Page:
Southstone lacks character and Joss and Cecil absolutely loathe it. The pair also bemoans the family’s strained monetary circumstances.

I think now that the discontent was because we were never quite comfortable in Southstone and the rudeness came from the discontent; it was as-if a pattern-mould were being pressed down on us into which we could not fit.

Fed up with their continuous grumbling, the mother whisks them off to France to see the battlefields hoping that some kind of an exposure and knowledge about other people’s sacrifices will open their eyes to how self-absorbed they are.

Excited by the idea of a short stint in Paris on the way for shopping and visiting museums, Joss, Cecil and the gang are in a state of great anticipation but the trip is doomed right from the start. The mother gets bitten by a horse-fly, her feet swell and she begins to develop a fever. Beset by fear, anxiety and a sense of being lost in a strange, unfamiliar country, the family somehow makes it to Vieux-Moutiers region to finally land at the enchanting Les Oeillets hotel.

However, things do not get easier when they reach the hotel – the mother’s condition deteriorates, language being a barrier the children struggle to communicate, and the hotel manager, Madame Courbet, is not particularly welcoming. Madame Courbet refuses to have a sick patient under her roof, and is not keen on the idea of assuming responsibility for the children. Angered by the terrible treatment meted out to them, Joss is all set to storm out of the hotel with the rest of the gang in tow, when Mademoiselle Zizi and Eliot make an entry.

An Englishman, Eliot quickly gauges the predicament of the family, the mother is settled in a room, and subsequently transferred to the hospital. Meanwhile, he offers to be a guardian to the children.

In the initial days, Joss is also struck by illness and is confined to her room. Thus, Cecil, Hester, Will and Vicky are pretty much left to their own devices and given free rein. Cecil is overcome by the newness and strangeness of not just the hotel, but also its people and their unique mannerisms.   

The staircase was paneled in pale green, riddled with curious holes, but the holes did not take away from its elegance. The hall was elegant too. It was odd that we, who had never seen elegance before – though it was our favourite word – immediately recognized it.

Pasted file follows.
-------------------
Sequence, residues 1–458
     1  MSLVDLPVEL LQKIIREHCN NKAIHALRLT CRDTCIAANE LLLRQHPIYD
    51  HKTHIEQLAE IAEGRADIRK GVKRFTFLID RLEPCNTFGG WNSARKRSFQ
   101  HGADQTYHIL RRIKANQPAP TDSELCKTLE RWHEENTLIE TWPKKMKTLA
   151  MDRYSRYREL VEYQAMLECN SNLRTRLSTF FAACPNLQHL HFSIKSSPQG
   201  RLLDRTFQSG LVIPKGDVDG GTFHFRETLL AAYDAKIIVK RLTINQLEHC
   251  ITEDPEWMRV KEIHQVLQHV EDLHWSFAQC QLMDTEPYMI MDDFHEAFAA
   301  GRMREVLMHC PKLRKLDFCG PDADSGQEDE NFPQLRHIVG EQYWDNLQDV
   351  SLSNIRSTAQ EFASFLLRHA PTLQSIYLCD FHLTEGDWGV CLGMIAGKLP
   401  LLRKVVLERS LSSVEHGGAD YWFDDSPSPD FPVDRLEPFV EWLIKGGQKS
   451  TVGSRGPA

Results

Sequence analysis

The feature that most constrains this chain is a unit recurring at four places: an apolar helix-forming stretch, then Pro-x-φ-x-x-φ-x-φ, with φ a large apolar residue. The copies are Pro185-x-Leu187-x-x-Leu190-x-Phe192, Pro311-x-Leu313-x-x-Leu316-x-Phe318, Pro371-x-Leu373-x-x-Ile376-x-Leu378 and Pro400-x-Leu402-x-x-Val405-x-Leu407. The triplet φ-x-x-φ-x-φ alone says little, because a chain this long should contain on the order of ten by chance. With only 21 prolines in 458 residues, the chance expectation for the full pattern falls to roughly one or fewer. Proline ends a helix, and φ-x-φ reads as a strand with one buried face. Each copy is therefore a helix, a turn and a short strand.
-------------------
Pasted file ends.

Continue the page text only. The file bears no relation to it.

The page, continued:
Reveling in their newfound freedom, the kids begin to explore the hotel, the gardens and the orchards around it gorging on greengages that give the novel its name.

Stepping in dew, my head in the sun, I walked into the orchard and, before I knew what I had done, reached up to touch a greengage. It came off, warm and smooth, into my hand I looked quickly round, but no one came, no voice scolded and, after a moment, I bit into the ripe golden flesh. Then I ate another, and another, until replete with fruit and ecstasy, I went back to my post.

Vicky latches on to Monsieur Armand, the hotel cook. Wills finds a spot under the cherry tree to be alone and pore over French fashion books. Cecil and Hester befriend Paul, the cook’s helper, who regales them with hotel gossip. It gradually emerges that Eliot and Zizi are lovers; Zizi especially is besotted with him. Madame Courbet, devoted to Zizi, despises Eliot but is powerless.

Eliot, meanwhile, develops a soft spot for the Grey family much to Zizi’s chagrin. When Joss, having recovered from her illness, finally emerges out of confinement, things begin to hot up. Eliot is mesmerized by her beauty and can’t take his eyes off her, Zizi is insanely jealous, and Cecil becomes a reluctant spectator watching Joss become embroiled in a messy drama…What’s more, thrown into this mix is the renowned French painter, Monsieur Joubert…

Eliot is an interesting, mysterious character, by turns warm and inscrutable whose motives remain hazy to the children. He is generally fond of them, but Cecil also glimpses the occasional changes in mood, the coldness and curt responses which are a sign to her to keep her distance. There is a part of him that remains inaccessible and bewilders Cecil, but his suave, charming personality endears him to the gang and they find themselves loyal to him despite his faults.

He had a carnation in his buttonhole, a dark-red one, and it seemed to symbolize Eliot for us. Why are flowers bought by men so much more notable than those bought by women? I do not know, but they are. Father brought flowers into the house but they were dried, pressed brown, the life gone out of them; with Eliot the flower was alive.

Blessed with striking good looks, Joss has awakened to her sexuality and is aware of the effect it has on men including Eliot. But it is Cecil who, in many ways, is the show stealer with her flair for storytelling and for being in the thick of things. She has reached that point in her life where she wants to be treated like an adult, but still remains innocent in many aspects. The torment that she suffers because of this conflict has been astutely conveyed by Godden. Compared to Joss, Cecil considers herself plain with unremarkable features, a fact that she resents. But she is a wonderful narrator, displaying the naiveté of her age, while occasional moments of astuteness shine through.